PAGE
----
A boy named Sue

17 Mar

what’s that got to do with anything… and what does THIS say in Lao?

Tim Guesthouse (1)

All will be revealed…later

I saw a poster while I was staying at the guest house in Pakse – a day trip into the Bolaven plateau. Very tempting – but I realised that I would end up charging from one place to another – and I didn’t really need to see a tea plantation – or a coffee plantation either. The waterfall sounded nice though!

But, I thought to myself, could I just go and do what I wanted to myself. A little bit of research revealed that if I got a local bus to Ban Khoua Set and then a local transport to Tat Lo, then I could go and see the waterfalls, live in a Lao village and have some fun too. And I might even be able to stay in Tim Guesthouse. Sorry, but that’s just too good to resist!

I knew I needed some more cash, so down to the ATM to get another million out… I thought about getting more out so I could be a multimillionaire…..

And in the morning I hopped into a tuk tuk (this time, one that’s essentially a motorcycle side car, only without all the safety features), negotiated the driver down from 30,000 kip to 25,000 and set off. Half way there, my hat blew off… but fortunately all the traffic missed it (try doing THAT in Bangkok – would bring a whole new meaning to the words ‘flat cap’.

I arrived at the bus station, gave the driver 30,000 kip anyway (with a grin – it’s all a game) yelled ‘Tat Lo’ to anyone who might be listening and was told that the bus was just leaving. With my new lighter pack (see the next blog for more details on THAT one) and having lost a few pounds myself, I sprinted to the bus – backpack on the roof, me inside.. best not to get those confused. There are bags of rice in the aisle, and a little girl moved onto her father’s lap for me to sit down. I spent the next little while as he explored my copy of the Lonely Planet – reading slowly with a little bit of help, and marvelling at the pictures of Laos (and Cambodia, come to think of it).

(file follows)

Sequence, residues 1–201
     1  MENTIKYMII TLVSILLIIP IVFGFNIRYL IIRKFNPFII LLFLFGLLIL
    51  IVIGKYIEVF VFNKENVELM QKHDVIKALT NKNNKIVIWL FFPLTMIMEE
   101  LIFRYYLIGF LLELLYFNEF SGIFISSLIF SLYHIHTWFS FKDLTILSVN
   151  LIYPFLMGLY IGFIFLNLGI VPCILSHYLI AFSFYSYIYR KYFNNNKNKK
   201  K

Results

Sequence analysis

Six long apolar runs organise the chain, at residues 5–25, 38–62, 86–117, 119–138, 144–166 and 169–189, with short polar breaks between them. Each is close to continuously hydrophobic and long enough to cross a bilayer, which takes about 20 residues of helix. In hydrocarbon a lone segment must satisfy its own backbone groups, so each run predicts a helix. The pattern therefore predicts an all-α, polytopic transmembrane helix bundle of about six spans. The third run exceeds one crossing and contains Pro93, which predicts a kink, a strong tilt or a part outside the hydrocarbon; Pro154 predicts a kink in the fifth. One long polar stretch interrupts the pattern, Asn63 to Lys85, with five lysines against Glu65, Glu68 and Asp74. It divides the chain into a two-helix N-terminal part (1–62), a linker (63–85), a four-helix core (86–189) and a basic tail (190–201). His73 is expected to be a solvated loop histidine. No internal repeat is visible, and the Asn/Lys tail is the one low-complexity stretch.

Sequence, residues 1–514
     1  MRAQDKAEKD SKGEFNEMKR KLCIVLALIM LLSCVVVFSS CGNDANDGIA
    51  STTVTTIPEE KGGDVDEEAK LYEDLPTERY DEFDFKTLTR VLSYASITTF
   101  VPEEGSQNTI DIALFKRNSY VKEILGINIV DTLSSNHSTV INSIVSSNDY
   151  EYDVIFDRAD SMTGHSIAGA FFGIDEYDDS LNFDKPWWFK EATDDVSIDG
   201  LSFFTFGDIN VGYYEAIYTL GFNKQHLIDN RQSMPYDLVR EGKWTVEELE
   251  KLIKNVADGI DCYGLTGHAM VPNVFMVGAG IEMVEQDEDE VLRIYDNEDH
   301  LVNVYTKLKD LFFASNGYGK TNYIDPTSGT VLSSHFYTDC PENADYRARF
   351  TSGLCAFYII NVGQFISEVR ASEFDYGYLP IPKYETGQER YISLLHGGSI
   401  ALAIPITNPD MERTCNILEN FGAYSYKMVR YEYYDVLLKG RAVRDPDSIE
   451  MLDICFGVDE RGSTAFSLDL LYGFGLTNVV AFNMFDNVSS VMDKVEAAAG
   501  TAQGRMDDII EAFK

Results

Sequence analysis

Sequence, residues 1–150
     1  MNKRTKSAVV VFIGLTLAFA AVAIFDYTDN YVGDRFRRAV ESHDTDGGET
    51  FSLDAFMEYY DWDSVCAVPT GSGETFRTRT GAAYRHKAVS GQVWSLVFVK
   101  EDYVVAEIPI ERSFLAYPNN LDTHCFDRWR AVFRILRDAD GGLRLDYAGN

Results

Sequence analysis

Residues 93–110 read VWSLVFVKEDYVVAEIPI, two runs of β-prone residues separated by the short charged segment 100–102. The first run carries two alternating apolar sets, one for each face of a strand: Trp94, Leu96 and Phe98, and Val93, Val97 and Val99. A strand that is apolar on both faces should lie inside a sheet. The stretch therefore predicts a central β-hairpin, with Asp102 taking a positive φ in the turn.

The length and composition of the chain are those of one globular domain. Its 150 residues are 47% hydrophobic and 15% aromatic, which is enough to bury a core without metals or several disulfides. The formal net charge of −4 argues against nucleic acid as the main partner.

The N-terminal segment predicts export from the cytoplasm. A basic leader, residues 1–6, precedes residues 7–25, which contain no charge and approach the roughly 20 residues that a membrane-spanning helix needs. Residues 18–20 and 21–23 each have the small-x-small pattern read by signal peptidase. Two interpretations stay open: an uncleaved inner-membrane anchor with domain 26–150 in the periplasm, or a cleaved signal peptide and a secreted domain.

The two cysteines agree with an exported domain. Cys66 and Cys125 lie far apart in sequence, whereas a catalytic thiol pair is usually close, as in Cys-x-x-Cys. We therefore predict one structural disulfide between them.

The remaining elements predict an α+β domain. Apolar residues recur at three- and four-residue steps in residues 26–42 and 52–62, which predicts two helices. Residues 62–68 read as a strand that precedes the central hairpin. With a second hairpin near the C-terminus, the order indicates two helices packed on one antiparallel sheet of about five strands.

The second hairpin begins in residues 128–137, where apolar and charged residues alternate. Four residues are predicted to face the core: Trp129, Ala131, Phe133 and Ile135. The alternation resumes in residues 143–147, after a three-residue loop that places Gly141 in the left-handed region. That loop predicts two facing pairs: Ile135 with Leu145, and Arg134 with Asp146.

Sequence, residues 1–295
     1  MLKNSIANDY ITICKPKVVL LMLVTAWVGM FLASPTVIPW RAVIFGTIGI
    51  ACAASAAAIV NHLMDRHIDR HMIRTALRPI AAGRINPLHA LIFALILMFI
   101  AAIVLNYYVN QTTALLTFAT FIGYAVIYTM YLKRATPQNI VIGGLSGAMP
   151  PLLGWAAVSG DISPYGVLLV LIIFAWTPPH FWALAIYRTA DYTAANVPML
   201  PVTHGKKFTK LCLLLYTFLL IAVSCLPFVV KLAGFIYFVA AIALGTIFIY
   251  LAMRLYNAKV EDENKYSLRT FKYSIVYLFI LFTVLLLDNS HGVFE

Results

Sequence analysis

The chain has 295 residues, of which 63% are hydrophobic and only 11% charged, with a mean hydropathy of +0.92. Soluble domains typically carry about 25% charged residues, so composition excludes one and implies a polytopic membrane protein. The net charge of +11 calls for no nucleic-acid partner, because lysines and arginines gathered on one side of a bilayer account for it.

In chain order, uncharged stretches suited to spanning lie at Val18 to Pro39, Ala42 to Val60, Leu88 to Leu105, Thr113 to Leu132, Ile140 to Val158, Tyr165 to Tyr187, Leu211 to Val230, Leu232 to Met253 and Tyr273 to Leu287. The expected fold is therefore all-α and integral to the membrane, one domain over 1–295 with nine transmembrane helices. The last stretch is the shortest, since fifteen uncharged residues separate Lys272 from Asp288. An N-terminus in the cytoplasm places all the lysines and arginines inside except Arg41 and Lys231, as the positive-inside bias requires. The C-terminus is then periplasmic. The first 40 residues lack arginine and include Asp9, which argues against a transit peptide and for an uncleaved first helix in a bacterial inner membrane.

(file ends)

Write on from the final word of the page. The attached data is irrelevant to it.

The bus dumped us at Ban Khoua Set with a confused French and Canadian couple saying ‘well, this is where you wanted to come’ – I pretty quickly diagnosed the fact that really they didn’t want to be in Ban Khoua Set and thought they were already in Tat Lo. (Ban – town, Tat – waterfall). Having worked out that we all wanted to go to the same place, I commandeered a local truck, negotiated a price to Tat Lo and hopped on.

Fortunately, they had a place at Tim’s. The owner, Soulideth. named it after his wife…it turns out in Laos, ‘Tim’ is a girl’s name. So I have a Lao girl’s name… which explains the title of the post, maybe.

Tim Guesthouse (2)Tim Guesthouse (4)Tat Lo truck 2

It’s in the middle of rural Laos, although the waterfalls have made it a bit of a haven for the fa rang – and even the dam that destroyed the third waterfall (damn!) hasn’t demolished its appeal.

We have a British couple  who are motorcycling round the world, quite a few Europeans.. and some lovely Lao here. I’m in a wonderful traditional bamboo hut on stilts.. I am intrigued by the continual noise of a little boy making motor car noises at all hours of the day – until I realise it’s actually a pig next door.

DSCF2249There are a couple of other noises I haven’t identified, but nothing that causes me to worry unduly. There’s good food, and smooth jazz playing incongruously in the restaurant Although my sleep is somewhat disturbed by an insomniac cockerel and the labourers who start concreting the wall next to my hut at 6am